A regime-dependent parametrization of subgrid-scale cloud water content variability
Hill, P., Morcrette, C. J. and Boutle, I. A. (2015) A regime-dependent parametrization of subgrid-scale cloud water content variability. Quarterly Journal of the Royal Meteorological Society, 141 (691). pp. 1975-1986. ISSN 1477-870X
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To link to this item DOI: 10.1002/qj.2506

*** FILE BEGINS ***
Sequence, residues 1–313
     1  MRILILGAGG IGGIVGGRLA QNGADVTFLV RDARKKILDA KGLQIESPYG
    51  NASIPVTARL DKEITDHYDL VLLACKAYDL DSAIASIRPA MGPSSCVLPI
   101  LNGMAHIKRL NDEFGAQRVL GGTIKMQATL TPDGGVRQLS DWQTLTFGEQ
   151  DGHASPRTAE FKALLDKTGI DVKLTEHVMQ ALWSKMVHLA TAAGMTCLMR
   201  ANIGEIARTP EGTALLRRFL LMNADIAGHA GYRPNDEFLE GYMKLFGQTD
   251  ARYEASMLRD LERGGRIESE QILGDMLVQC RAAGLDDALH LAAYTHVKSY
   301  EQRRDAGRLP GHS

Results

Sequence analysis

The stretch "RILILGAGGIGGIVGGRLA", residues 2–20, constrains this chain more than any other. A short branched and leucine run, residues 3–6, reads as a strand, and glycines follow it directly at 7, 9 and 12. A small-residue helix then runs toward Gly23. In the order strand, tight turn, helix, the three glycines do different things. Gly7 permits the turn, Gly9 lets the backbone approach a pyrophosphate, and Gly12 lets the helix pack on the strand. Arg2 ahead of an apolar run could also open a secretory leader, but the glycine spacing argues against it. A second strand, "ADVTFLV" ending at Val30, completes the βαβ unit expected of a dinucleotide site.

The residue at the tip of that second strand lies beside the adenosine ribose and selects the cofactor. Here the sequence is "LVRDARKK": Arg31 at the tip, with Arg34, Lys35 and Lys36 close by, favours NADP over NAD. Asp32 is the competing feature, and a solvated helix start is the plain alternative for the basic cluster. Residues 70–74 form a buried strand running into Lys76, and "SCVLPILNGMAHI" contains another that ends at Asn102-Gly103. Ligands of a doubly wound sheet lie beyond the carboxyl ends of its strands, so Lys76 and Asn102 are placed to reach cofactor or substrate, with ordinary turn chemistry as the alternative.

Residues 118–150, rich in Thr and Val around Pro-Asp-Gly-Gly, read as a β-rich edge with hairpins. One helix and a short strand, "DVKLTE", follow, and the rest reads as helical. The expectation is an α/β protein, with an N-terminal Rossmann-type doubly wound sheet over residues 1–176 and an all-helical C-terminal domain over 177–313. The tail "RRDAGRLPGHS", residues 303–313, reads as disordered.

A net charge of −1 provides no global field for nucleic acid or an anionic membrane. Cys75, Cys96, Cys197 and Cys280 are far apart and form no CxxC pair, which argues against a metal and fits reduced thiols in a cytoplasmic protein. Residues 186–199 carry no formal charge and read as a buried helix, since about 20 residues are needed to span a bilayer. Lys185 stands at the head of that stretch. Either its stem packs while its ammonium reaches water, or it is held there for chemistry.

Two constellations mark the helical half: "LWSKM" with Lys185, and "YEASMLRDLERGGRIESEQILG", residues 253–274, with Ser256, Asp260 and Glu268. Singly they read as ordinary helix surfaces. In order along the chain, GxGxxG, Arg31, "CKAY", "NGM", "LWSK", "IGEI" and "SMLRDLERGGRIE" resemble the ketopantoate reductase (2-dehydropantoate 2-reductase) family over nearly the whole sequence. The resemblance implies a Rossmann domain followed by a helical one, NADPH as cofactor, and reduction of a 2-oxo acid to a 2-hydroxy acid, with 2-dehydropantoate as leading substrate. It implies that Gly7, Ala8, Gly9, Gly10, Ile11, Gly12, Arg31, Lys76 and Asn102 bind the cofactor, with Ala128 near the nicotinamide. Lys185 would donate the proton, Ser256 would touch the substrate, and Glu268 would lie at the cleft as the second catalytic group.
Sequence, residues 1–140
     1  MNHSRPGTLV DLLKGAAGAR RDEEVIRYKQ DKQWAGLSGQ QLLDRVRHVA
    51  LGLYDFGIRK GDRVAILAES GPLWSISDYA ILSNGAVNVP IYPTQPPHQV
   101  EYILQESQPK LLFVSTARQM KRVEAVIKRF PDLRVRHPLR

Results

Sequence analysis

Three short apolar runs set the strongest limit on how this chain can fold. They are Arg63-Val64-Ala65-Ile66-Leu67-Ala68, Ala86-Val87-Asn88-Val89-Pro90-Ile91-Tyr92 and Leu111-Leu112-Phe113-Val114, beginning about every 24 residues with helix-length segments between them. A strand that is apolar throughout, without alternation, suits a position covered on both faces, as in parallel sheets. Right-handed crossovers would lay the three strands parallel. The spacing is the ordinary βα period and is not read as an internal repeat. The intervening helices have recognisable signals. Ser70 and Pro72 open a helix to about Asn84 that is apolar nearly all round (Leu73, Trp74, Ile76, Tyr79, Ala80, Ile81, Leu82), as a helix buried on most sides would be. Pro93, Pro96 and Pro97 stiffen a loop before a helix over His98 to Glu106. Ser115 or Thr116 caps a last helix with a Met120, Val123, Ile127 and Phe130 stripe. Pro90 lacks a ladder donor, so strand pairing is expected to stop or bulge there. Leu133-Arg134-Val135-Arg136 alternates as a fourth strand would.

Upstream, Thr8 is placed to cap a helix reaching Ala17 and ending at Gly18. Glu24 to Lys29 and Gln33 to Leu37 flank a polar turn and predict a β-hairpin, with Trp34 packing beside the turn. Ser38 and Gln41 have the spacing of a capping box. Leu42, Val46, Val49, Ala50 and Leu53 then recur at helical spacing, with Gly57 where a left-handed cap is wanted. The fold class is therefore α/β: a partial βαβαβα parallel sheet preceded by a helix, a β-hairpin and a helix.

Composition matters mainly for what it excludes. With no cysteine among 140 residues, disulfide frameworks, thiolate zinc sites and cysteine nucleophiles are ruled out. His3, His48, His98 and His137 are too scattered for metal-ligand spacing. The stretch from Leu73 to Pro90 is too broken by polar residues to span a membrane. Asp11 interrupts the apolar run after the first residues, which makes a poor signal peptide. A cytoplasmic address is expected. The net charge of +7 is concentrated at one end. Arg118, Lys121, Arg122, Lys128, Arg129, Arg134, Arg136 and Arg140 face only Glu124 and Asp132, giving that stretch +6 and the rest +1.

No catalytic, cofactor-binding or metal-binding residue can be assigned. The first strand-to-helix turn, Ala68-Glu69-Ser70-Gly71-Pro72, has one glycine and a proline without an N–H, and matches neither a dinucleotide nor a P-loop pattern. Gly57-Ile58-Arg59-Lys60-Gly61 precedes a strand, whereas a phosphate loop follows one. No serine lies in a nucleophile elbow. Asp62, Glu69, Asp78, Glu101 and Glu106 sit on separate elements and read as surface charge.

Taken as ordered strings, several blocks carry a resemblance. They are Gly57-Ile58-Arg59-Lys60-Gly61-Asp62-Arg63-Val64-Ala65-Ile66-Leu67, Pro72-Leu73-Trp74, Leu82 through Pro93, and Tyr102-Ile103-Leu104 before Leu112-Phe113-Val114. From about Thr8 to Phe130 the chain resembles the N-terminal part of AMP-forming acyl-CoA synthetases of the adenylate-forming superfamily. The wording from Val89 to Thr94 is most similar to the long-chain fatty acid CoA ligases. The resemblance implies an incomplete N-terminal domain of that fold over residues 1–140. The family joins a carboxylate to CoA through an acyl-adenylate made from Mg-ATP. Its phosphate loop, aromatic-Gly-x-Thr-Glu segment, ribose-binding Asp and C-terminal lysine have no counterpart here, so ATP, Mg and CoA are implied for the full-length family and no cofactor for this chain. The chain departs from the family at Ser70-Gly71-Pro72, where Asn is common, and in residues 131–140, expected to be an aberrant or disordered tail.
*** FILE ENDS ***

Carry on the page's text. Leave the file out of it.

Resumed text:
The subgrid-scale spatial variability in cloud water content can be described by a parameter f called the fractional standard deviation. This is equal to the standard deviation of the cloud water content divided by the mean. This parameter is an input to schemes that calculate the impact of subgrid-scale cloud inhomogeneity on gridbox-mean radiative fluxes and microphysical process rates. A new regime-dependent parametrization of the spatial variability of cloud water content is derived from CloudSat observations of ice clouds. In addition to the dependencies on horizontal and vertical resolution and cloud fraction included in previous parametrizations, the new parametrization includes an explicit dependence on cloud type. The new parametrization is then implemented in the Global Atmosphere 6 (GA6) configuration of the Met Office Unified Model and used to model the effects of subgrid variability of both ice and liquid water content on radiative fluxes and autoconversion and accretion rates in three 20-year atmosphere-only climate simulations. These simulations show the impact of the new regime-dependent parametrization on diagnostic radiation calculations, interactive radiation calculations and both interactive radiation calculations and in a new warm microphysics scheme. The control simulation uses a globally constant f value of 0.75 to model the effect of cloud water content variability on radiative fluxes. The use of the new regime-dependent parametrization in the model results in a global mean which is higher than the control's fixed value and a global distribution of f which is closer to CloudSat observations. When the new regime-dependent parametrization is used in radiative transfer calculations only, the magnitudes of short-wave and long-wave top of atmosphere cloud radiative forcing are reduced, increasing the existing global mean biases in the control. When also applied in a new warm microphysics scheme, the short-wave global mean bias is reduced.